Furniture For Small Living Room
RES TORA TION DRAMA
Kitchens & Bathrooms
The perfect kitchen formula has come about by slow, comforting evolution. It is a recipe that is hard to beat: the room is large and warm, with a huge table in the middle, a slightly undulating quarry-tiled floor, geraniums and a dozing cat on the window-sill, and dressers and shelves full of cookery posts and old pieces of Mason’s ironstone china. There should be plenty of colour – on walls, pans, cushions and old containers. Handsome old enamel, wood and metal cooking equipment can be bought cheaply in junk shops and it is effortlessly effective to collect a heap of vaguely matching china to show off. Chips and cracks and broken bits do not matter: a countrified kitchen should look lived in.
This is the place for creative carpentry – to convert old pine cupboards into sink stands, or benignly mutilate a wobbly sideboard to house the boiler discreetly. There is no mystique about a kitchen -built-in furniture is not obligatory. But if you cannot resist the sleek tidiness and regularity of matching units, then simple wooden doors (which can be recycled from other furniture) with brass or ceramic handles, and tiled or wooden worktops (173) have the most countrified air.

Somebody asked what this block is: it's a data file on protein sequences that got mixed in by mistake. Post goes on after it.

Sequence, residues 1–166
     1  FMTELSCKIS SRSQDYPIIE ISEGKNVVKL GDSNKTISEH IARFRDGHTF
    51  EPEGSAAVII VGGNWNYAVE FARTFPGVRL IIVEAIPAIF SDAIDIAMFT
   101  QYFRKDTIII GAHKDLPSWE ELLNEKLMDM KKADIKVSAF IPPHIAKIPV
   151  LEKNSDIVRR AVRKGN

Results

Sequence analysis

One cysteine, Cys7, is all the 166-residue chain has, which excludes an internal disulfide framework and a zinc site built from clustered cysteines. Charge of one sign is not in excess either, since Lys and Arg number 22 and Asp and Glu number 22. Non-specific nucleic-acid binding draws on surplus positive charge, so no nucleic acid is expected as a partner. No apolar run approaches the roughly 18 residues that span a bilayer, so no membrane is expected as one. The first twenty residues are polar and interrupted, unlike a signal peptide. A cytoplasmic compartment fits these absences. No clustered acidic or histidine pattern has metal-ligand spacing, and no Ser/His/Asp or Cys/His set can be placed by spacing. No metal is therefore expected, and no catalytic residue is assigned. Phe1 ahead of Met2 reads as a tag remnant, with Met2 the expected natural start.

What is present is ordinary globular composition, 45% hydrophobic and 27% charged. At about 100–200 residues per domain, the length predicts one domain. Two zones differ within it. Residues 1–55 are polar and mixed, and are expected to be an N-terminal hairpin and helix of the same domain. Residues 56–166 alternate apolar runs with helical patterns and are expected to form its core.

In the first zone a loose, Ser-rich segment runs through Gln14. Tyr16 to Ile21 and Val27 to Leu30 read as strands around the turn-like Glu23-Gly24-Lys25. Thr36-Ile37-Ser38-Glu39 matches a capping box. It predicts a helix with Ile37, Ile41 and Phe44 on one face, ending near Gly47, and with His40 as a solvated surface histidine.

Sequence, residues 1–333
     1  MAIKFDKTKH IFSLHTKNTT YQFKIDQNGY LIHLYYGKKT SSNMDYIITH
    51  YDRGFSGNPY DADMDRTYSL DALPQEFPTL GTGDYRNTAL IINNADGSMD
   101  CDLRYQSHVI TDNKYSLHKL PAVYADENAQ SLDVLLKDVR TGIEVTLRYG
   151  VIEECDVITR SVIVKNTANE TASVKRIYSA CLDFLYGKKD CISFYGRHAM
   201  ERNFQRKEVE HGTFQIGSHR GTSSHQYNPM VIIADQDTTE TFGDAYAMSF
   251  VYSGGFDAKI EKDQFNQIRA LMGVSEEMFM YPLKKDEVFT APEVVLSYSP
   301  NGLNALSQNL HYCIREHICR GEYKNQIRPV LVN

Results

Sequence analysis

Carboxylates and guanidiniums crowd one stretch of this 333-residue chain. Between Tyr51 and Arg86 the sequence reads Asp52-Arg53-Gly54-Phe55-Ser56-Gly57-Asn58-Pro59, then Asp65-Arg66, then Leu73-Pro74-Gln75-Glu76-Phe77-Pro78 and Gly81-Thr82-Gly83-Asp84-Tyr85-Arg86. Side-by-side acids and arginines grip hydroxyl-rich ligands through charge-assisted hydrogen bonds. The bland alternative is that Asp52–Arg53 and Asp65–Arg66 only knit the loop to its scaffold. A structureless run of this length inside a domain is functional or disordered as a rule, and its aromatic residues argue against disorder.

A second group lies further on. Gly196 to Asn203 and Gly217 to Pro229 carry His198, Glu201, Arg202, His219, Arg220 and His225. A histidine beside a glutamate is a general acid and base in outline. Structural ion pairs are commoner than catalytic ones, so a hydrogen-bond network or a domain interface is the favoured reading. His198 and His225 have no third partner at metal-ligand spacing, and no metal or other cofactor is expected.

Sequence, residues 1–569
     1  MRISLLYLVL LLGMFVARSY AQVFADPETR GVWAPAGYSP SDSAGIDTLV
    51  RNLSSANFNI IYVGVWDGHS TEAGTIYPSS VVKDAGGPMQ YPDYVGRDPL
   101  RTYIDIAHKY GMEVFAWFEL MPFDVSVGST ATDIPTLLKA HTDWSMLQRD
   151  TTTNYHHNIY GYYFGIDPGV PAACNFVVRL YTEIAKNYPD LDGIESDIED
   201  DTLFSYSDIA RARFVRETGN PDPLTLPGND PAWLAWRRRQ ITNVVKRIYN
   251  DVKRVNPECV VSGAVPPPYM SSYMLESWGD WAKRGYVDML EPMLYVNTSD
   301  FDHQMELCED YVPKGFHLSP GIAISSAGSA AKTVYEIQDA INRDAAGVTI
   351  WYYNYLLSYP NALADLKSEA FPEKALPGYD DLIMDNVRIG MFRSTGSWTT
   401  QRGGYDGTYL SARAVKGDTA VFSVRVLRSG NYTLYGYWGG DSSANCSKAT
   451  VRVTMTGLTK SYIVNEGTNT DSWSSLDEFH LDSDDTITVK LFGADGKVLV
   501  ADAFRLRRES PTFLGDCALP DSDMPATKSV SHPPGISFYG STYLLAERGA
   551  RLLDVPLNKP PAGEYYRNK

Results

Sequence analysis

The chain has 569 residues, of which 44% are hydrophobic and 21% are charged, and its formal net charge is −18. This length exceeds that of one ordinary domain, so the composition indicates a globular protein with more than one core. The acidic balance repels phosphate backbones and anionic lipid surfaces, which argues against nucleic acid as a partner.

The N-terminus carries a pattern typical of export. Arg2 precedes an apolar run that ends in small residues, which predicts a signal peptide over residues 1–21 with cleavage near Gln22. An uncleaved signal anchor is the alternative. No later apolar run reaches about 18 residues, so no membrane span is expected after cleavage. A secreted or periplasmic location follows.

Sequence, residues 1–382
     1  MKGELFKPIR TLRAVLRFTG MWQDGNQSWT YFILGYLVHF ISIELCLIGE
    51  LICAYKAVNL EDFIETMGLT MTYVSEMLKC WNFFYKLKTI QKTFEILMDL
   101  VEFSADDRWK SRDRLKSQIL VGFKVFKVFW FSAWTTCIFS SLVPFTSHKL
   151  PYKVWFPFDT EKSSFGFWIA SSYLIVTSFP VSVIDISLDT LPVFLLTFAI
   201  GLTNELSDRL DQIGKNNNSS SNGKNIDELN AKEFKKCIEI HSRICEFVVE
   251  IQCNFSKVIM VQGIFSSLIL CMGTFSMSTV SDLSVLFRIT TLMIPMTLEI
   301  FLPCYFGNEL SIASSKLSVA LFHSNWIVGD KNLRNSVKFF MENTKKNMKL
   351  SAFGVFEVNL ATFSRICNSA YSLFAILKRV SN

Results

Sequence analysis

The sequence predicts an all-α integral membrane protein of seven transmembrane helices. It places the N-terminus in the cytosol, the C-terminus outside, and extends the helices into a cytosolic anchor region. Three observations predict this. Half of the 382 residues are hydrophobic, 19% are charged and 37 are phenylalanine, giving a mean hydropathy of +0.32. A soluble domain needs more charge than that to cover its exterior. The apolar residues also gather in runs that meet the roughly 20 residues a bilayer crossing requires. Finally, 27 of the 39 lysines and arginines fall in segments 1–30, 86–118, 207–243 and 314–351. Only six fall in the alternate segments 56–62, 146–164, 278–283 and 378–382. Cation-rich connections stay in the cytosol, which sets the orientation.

Of all modern design, plumbing fitments seem to have suffered most from a fatal dislocation between purpose and style. Modern tap fittings tend to be not only violently vulgar, but also impractical; baths and basins are nowadays manufactured in instantly dated colours, in plastics that look scratched within minutes and magnify every smear of soap. Old-fashioned fitments are both sculptural and practical -the taps turn when your hands are slippery, and they are relatively easy to dismantle when you need to replace a washer.
Brass taps and plumbing fitments are handsome, but they are demanding.
They need constant and fiddly polishing, which is why busy people took to chrome with such alacrity.